Twitter fact-checked two of President Trump's unsubstantiated tweets that mail-in ballots in the 2020 election would be fraudulent for the first time on Tuesday, directing users to "get the facts" through news stories that cover the topic.
Why it matters: Twitter and other social media platforms have faced criticism for not doing enough to combat misinformation, especially when its propagated by the president.
The husband of Lori Klausutis, an aide to Joe Scarborough when he was a member of Congress who died in 2001, asked Twitter CEO Jack Dorsey to take down President Trump's tweets baselessly accusing the MSNBC host of murdering her, according to a letter obtained by the New York Times' Kara Swisher.
The state of play: Timothy Klausutis asked Dorsey to delete the tweets because Trump "has taken something that does not belong him — the memory of my dead wife and perverted it for perceived political gain."
The major online platforms' long struggle to cope with floods of misinformation has reached a new pitch of urgency during the coronavirus pandemic — just as the fight has become harder than ever.
Driving the news: In the most recent controversy, One America News Network — a small rival to Fox News that is President Trump's current favorite — aired a segment Friday, also posted on YouTube, that makes conspiracy-theory-style connections between China, the "deep state," George Soros, Bill Gates, and the Clintons.
Of all the conspiracy theories floating around the internet related to the coronavirus, disinfectant has by far gone the most viral.
Why it matters: Unlike some of the other conspiracy theories gaining traction on the internet, the disinfectant theory has gone viral online in large part because it's so obviously nonsensical that it quickly became an internet meme after President Trump suggested it could be used as a cure for coronavirus.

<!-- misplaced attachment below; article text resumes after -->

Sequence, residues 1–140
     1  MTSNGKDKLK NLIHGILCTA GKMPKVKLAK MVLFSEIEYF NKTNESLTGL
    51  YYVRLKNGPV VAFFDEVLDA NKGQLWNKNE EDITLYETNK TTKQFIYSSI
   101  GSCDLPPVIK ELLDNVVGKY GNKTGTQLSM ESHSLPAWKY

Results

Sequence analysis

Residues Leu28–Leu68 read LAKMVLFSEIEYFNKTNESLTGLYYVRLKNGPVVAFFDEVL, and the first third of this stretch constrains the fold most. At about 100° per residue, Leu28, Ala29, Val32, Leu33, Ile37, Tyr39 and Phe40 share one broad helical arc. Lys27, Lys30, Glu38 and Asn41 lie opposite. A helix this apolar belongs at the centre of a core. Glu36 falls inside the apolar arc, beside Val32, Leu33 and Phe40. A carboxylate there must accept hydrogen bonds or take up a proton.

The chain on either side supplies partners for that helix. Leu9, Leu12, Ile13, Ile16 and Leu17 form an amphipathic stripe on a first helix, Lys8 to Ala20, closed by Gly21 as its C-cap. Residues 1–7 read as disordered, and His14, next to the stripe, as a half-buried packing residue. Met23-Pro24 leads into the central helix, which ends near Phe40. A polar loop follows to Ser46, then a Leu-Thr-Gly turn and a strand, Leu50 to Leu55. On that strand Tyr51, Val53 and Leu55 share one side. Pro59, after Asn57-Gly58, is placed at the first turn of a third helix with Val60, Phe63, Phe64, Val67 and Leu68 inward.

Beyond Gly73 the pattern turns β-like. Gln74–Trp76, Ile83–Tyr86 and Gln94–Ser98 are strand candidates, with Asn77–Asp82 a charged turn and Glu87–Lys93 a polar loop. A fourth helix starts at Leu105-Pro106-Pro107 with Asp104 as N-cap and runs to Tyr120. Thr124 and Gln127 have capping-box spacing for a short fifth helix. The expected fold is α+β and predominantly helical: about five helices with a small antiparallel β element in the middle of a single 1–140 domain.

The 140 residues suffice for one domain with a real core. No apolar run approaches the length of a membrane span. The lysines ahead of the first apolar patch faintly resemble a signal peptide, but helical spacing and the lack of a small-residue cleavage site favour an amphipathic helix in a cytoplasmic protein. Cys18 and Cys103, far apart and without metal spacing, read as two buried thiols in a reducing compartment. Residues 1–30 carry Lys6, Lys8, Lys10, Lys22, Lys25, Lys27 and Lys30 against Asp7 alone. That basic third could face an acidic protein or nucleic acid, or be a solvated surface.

Fear of the coronavirus and misinformation about the pandemic have created a pool of targets for online scammers.
The big picture: Misinformation around COVID-19 is rampant online, from phony cures to outlandish claims that 5G wireless signals cause the illness. Cybersecurity analysts are also seeing an explosion in phishing and other digital cons that base their scams on these popular coronavirus myths.
YouTube's product chief tells Axios that the Google-owned video site has removed thousands of COVID-19 videos — including some from the Brazilian president's channel — for violating policies related to the spread of medical misinformation.
Why it matters: Though criticized in the past for allowing misinformation to flourish, Facebook, Google and Twitter have all been taking a tougher stand when it comes to the coronavirus.
It's notable that Twitter, like other social networks, has announced stricter rules on virus-related misinformation than other types of false posts. Even more notable, though, is that Twitter has actually enforced its rules against prominent accounts in recent days.
Why it matters: Twitter has been criticized for being lax to enforce its rules, particularly against well-known politicians and celebrities.
A new Russian disinformation campaign targeting Americans on social media operated through satellite outfits in Ghana and Nigeria, according to new reports from CNN and Graphika, in collaboration with Facebook and professors at Clemson University.
Why it matters: Russian efforts to meddle in this year's U.S. elections are evolving in an attempt to avoid detection. In 2016, most state-backed misinformation campaigns went through St. Petersburg. Now, the Kremlin is changing course.
InfoWars host and conspiracy theorist Alex Jones was arrested early Tuesday and charged with driving while intoxicated in Travis County, Texas, the Austin-American Statesman reports.
Details: The 46-year-old radio host, who has been banned from most major Big Tech platforms, was released on bail almost four hours after his arrest. In December, a judge ordered him to pay $100,000 in court costs and legal fees in a case brought by a Sandy Hook family after his unsubstantiated conspiracy theories about the mass shooting.
Tech companies like Twitter and Facebook have struggled with ways label misinformation without appearing biased or without baiting users to game the system.
Why it matters: It may seem obvious that tech companies should let users know when something is false, but sometimes, calling out false content can have unintended consequences.